OOEY GOOEY: Copper Grill's macaroni and cheese balls.

The new Copper Grill made me want to buy a condo upstairs in 300 Third, the copper-sheathed high-rise topped by million-dollar dwellings of the rich and famous.

Sure I’d want to cook a lot in my gourmet kitchen, well supplied with fancy ingredients or heat-and-eat dinners from the Copper Grocery next door to the ground floor restaurant.

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But the temptation would be great to glide down to the Copper Grill, one of the handsomest restaurant settings in town. It’s modern, but not harshly so, with yards of polished woodwork, artsy light fixtures dangling from the high ceilings, stained concrete flooring and a high and handsome bar positioned just perfectly to see others and be seen. It’s not dressy, but it’s no place for slumming either. The business casual look seems right for settling into the leather loungers grouped around flat-screen TVs near the bar.

Thanks to owner Mary Beth Ringgold (Capers, Cajun’s) for thoughtfully ordering sturdy wooden dining chairs with deep leather cushions — perfect for a long evening at the table.


Food, you ask? It’s not challenging. But we weren’t seeking challenges. We visited first because we were pulled magnetically by the smell of grilling hamburger, wafting from an exhaust vent. The $6.75 cheeseburger was just fine, though leaner than some might like. A small side of onion rings couldn’t have been better — three huge, crunchy rings of very sweet onion for 95 cents. Imagine, a restaurant item under a dollar.

This is by no means a burger joint, but burgers aren’t the only comfort food. A house hit are balls of macaroni and cheese dipped in panko (Asian-style bread crumbs) and deep fried. Wonderful. So is the blackberry dipping sauce, but it’s superfluous.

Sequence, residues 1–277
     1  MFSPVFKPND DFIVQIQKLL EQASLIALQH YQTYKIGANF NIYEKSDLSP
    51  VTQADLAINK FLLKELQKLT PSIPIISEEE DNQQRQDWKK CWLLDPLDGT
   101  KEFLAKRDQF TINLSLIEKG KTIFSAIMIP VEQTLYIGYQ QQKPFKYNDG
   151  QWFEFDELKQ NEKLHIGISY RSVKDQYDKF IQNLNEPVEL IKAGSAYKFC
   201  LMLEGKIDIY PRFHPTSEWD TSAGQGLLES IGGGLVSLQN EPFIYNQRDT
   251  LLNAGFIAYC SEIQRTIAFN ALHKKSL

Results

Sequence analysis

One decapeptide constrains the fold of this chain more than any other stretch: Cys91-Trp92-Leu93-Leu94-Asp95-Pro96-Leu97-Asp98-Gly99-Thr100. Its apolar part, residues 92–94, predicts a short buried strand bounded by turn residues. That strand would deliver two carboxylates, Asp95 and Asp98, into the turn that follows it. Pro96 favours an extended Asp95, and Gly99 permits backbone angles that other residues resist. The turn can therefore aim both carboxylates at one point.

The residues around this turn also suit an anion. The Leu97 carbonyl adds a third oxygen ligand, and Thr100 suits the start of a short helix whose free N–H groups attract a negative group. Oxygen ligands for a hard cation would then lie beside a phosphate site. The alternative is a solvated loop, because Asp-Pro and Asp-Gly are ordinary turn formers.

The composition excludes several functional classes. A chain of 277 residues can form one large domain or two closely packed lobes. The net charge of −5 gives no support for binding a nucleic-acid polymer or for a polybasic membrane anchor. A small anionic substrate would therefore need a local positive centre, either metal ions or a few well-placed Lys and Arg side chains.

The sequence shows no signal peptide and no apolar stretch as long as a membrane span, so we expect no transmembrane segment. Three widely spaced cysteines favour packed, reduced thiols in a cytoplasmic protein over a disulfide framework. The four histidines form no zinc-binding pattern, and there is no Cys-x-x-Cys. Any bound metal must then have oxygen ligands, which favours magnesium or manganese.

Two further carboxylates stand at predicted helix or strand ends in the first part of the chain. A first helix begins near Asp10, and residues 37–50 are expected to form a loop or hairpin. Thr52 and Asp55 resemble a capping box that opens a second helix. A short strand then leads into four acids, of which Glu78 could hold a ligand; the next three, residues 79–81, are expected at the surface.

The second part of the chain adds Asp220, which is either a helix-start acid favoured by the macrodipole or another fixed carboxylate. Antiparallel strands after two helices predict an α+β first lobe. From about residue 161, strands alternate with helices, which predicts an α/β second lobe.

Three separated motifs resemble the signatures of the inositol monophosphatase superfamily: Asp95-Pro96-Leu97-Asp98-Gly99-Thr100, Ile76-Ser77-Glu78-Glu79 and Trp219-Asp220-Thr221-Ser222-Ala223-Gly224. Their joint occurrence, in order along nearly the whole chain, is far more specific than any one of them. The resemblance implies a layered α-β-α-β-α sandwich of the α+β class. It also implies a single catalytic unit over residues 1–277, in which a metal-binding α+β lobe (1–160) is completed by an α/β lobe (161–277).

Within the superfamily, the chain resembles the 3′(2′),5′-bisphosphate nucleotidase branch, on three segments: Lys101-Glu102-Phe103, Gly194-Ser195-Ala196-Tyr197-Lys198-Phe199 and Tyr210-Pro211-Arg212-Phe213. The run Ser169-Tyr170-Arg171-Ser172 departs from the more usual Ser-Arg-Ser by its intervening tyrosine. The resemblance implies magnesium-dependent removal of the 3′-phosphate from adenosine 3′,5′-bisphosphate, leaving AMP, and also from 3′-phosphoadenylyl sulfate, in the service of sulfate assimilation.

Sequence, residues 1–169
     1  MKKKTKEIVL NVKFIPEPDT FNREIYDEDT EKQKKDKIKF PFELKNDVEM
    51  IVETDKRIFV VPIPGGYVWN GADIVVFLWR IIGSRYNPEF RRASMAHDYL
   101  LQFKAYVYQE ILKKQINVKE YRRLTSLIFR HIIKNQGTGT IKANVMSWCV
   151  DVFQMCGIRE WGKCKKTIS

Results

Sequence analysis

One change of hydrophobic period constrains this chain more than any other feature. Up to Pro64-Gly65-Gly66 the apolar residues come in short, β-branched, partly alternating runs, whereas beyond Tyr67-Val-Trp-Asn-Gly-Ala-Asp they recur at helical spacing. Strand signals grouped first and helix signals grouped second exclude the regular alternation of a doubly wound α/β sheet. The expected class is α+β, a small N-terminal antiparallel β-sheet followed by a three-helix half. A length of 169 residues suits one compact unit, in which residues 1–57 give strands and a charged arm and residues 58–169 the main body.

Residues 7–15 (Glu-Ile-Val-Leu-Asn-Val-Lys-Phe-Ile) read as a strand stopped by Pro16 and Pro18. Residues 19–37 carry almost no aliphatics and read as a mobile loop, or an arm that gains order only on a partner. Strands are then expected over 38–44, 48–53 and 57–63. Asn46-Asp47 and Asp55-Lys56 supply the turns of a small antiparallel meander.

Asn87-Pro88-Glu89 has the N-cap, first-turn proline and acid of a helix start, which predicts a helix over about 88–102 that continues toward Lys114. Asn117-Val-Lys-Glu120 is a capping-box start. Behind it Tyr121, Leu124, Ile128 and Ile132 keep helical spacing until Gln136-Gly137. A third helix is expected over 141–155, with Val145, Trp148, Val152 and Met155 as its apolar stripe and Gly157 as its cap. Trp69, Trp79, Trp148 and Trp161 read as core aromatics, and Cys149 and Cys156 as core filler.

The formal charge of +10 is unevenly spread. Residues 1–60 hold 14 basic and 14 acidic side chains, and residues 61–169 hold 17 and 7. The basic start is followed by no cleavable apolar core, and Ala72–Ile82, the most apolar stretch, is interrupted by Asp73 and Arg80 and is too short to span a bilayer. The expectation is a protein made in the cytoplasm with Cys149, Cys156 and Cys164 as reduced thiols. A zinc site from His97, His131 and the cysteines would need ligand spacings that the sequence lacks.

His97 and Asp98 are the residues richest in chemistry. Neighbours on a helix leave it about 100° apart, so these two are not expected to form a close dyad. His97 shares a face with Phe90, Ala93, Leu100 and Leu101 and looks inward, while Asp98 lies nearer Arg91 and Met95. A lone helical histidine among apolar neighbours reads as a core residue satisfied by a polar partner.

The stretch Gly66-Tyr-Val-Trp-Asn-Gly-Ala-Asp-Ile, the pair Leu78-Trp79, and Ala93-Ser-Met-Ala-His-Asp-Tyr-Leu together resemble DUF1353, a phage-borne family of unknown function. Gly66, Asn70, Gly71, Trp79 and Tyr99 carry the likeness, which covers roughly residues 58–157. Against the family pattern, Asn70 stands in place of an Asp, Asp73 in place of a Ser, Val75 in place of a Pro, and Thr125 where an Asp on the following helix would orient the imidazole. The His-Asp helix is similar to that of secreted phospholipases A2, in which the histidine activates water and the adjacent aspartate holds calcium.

Call this an urban grill. You can get in and out for a sandwich (a catfish po boy even), whether at lunch or dinner, or you can go the long haul with pricier entrees, multiple courses and wine from a huge selection displayed in a temperature-controlled, glass-enclosed room.

For example: Our party had halibut broiled on a cedar plank and served with mustard sauce, a huge slab of rare grilled tuna with a pool of ginger sauce and a flavorful ribeye. Entrees range from $16 for stuffed chicken breast to $29 for filet mignon with plenty of choices on the lower end of that scale. Entrees include a starchy side dish — from basmati rice, to mashed potatoes, fried sweet potatoes and savory bread pudding flavored with rosemary. The fish was superb — fresh and moist. The sauces were simple and gently applied. The Angus steak was cut generously and, though not very thick, not overcooked. It was a little chewy and not as rich as you find at some prime steakhouses, but not nearly as expensive either.

Starters include some of the good soups Ringgold sells in the frozen food case next door (roasted red pepper is a winner) and a number of salads — caprese, warm goat cheese with pears and walnuts and some (steak and salmon) that can serve as a meal. Warm camembert ($7.50) and grilled flat bread with a choice of toppings such as steak and bleu cheese with caramelized onions ($10.95) will put a dent in your appetite. Indeed, just about everything here is served in large portions. Three of us had plenty to start with in a serving of cream flan topped with corn, goat cheese and jumbo grilled shrimp ($9.95).

The “from scratch” desserts were fine, but not transcendent — we tried red velvet cake, “decadent triple layer mud pie” (an ice cream pie with a chocolate cookie crust) and the “stacked banana creme brulee tostada.” The last simply didn’t add up to a sum greater than its parts — fried, sweetened tortillas, sauteed bananas, chocolate mousse. Not a single element was off, it just ended up being architectural fun with food.


Lunch offers many sandwiches, including chicken salad, egg and olive, French dip, roast beef and turkey. I can vouch for the pimento cheese that’s used to top one of the burgers. I bought a tub next door and tore through it. There are also lunch specials, such as a shrimp burrito served with jalapeno rice and black beans (Trio’s, anyone?)

Some other points to note: Dozens of wines are sold by the glass. The bar made a perfectly icy martini. Service was earnest and friendly, though some servers are inexperienced. They’ve been trained to inquire frequently — very frequently — how things are, a custom we’d just as soon see retired. One slightly off note from a couple of very pleasant visits to a place we expect to visit again and again: Some of the hot food could have been a mite warmer.

Speaking of warm: A broad terrace along sometimes noisy Cumberland Street might be nice in pleasant weather, but we opted for the a/c, particularly since the terrace was thronged with smokers.